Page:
Ethanol Incentives Contribute to Gulf of Mexico Dead ZoneBy Clayton Bodie Cornell
Green Options; October 20, 2007
It looks like ethanol subsidies may impede efforts to reduce the size of the Dead Zone in the
Recent energy policies, combined with pre-existing crop subsidies, tax policies, global market conditions and trade barriers all provide economic incentives for conversion of retired and other cropland to corn production for use in ethanol production. Such conversions could lead to corn production on an additional 16 million acres…
The Dead Zone, an area in which there isn’t enough dissolved oxygen to support aquatic life, has been measured in the
It turns out that the greater Mississippi-Atchafalaya River Basin (MARB) drains a grand total of 40% of the contiguous
To address this issue, the Science Advisory board recommends a 45% reduction in nitrogen and phosphorous fluxes from farmland. Unfortunately, recent trends pushing corn-based biofuels are not exactly aligned with this strategy:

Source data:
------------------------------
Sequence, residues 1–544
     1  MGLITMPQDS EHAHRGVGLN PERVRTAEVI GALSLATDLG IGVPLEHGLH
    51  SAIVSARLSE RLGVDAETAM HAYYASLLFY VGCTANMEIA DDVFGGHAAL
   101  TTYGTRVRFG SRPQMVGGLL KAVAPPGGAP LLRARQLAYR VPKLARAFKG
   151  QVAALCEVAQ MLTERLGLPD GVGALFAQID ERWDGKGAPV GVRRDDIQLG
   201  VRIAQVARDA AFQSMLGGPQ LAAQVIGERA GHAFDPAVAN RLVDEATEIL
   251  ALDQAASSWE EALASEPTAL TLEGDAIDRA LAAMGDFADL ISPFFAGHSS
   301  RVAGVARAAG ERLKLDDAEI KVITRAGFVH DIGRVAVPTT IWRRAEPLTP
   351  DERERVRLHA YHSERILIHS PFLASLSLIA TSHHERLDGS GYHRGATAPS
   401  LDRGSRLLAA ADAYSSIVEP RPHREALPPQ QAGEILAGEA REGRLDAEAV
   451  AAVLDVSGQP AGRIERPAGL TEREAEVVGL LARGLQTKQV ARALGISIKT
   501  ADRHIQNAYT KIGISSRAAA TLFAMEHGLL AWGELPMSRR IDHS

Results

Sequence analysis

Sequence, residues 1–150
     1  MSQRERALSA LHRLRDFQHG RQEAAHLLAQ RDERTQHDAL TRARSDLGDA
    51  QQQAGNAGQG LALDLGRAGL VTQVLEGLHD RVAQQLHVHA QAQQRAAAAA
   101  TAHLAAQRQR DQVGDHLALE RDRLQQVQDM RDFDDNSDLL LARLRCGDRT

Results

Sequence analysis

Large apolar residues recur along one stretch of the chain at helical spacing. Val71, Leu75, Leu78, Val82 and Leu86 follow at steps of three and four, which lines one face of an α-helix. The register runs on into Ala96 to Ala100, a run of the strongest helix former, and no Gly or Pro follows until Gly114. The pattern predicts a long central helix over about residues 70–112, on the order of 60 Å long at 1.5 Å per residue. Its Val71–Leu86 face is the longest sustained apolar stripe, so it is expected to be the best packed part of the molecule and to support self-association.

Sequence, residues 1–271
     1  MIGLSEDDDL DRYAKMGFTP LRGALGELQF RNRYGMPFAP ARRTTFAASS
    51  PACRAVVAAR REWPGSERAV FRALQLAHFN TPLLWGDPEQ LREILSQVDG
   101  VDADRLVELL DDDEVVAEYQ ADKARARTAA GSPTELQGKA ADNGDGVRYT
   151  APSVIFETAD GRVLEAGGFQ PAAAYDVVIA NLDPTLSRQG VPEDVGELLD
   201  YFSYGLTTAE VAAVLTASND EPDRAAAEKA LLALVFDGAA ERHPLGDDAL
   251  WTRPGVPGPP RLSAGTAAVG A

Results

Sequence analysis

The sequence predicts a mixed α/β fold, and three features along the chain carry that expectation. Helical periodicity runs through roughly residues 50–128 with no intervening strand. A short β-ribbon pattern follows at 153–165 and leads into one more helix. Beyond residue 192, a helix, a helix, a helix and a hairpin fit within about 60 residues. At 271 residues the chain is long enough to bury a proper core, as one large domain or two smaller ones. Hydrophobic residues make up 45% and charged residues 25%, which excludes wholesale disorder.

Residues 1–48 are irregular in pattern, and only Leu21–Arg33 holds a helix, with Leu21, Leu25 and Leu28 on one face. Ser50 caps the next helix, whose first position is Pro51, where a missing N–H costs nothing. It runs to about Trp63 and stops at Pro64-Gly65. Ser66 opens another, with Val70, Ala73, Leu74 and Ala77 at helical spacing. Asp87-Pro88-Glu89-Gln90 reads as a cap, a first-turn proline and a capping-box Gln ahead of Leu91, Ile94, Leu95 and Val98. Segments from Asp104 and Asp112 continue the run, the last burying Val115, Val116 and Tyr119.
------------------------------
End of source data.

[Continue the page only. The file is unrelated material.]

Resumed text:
Certain aspects of the nation’s current agricultural and energy policies are at odds with the goals of hypoxia reduction and improving water quality…[A]n emerging national strategy on renewable fuels has granted economic incentives to corn-based ethanol production.
Without some change to the current structure of economic incentives favoring corn-based ethanol, N[itrogen] loadings to the MARB from increased corn production could increase dramatically in coming years, rather than decreasing, as needed…
The alternative is cellulosic ethanol and avoiding corn-based fuels altogether:
Alternatively, the use of perennial crops and other feedstocks for cellulosic ethanol requires a more complex refining process that produces more net energy and results in lower fertilization and thus less nutrient runoff than corn-based ethanol.
The Dead Zone in the
Science Advisory Board (SAB) Hypoxia Panel Draft Advisory Report